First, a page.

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A Strangely-Formed Exoplanet

Rethinking exoplanet atmospheres Also, more trees than we thought. How snakes shedding their skins is inspiring materials scientists, and why mangroves are good for the planet.

A good way of finding out about how our solar system formed is to look at other star systems and their planets. From the exoplanets so far examined in detail, a general correlation has emerged between the amount of elements heavier than helium and hydrogen, in the atmosphere, and the mass of the planet. It’s complicated, but this gives us clues to the size and composition of the planet as well as how and when it formed. But new observations of planet HAT-P-26b, 437 light years away, do not fit this trend. So what’s going on?

More Trees
Researchers have looked at tree cover in dryland regions and found that previous estimates were out by 40-47%. Using Google Earth’s very high resolution satellite images and local students and scientists to analyse the images, the team discovered there is as much forest cover in drylands (such as parts of Latin America, Africa, Australia and Southern Europe) as there are in tropical habitats. This increases the area of tree cover over the whole planet by 9%. The findings are important when putting in numbers into the big calculations about carbon cycles and climate change.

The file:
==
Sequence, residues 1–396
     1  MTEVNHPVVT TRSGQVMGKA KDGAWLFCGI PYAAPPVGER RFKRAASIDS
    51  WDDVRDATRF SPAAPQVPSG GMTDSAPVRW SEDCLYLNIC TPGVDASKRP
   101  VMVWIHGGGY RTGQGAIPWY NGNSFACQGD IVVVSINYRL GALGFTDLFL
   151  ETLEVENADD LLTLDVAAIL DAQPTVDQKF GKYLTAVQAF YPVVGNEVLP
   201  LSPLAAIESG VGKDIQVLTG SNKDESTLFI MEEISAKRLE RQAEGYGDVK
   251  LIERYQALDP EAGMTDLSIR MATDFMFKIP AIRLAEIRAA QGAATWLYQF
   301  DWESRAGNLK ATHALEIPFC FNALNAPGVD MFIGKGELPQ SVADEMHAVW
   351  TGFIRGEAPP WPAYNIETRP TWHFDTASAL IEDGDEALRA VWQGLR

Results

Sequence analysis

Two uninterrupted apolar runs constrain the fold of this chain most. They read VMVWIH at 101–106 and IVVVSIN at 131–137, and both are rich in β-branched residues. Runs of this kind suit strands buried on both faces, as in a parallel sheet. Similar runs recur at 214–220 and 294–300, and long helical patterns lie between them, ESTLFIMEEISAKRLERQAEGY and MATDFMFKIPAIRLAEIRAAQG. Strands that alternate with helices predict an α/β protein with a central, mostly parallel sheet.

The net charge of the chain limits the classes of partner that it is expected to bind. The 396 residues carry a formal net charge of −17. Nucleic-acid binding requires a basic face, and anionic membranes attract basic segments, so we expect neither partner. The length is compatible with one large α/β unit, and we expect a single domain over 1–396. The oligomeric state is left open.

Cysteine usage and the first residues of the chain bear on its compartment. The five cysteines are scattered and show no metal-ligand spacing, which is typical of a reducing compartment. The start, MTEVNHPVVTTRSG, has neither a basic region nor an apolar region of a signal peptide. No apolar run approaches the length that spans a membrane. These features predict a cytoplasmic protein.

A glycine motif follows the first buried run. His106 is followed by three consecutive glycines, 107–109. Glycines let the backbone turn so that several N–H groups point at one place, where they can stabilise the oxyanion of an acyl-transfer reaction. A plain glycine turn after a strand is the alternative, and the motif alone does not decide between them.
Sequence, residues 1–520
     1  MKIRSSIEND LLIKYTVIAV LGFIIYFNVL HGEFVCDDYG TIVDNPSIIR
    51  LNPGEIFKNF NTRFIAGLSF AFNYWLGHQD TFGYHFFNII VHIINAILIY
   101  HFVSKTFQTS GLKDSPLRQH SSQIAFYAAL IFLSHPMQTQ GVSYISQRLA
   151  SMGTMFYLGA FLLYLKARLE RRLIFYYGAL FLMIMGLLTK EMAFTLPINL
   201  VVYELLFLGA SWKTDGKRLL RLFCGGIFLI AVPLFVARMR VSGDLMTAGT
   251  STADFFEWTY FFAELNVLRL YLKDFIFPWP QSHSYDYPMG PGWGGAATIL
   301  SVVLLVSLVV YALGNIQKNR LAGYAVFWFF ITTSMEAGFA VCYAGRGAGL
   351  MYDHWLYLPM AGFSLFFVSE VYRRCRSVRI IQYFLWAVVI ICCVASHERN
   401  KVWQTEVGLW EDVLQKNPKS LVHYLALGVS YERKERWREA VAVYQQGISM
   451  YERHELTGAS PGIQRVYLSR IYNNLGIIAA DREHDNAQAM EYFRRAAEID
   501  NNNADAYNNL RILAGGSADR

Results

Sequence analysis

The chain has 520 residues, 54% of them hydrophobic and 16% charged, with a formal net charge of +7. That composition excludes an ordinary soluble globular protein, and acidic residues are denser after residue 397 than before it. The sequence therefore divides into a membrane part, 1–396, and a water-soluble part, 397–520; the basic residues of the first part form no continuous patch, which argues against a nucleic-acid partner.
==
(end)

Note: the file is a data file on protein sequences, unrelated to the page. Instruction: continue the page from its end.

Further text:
Dan Friess of the National University of Singapore studies mangrove forests around the coasts of tropical Pacific and Indian ocean countries. This kind of forest has turned out to store much more carbon than even rainforests, as measured by the hectare.

Snake-skin Inspiration
Given that the natural world has had millions of years to evolve the solutions to many problems, its little surprise that materials scientists often look to nature for solutions to our human problems. Inspiration from snakes shedding old skins has been applied to super-waterproof nanomaterials. This will hopefully improve on the lotus leaf effect, which involves special waxes and a textured surface, that means water beads up and runs off them, taking the dirt with it. When a coating based on the lotus gets damaged, the whole lot is compromised. But a group in Germany have looked at making materials that shed a layer when it gets damaged in a way similar to snakes shedding their skins.

Picture: A planet transits its star, credit: STAN HONDA/AFP/GettyImages

Presenter: Bobbie Lakhera
Producer: Fiona Roberts

Available now

27 minutes


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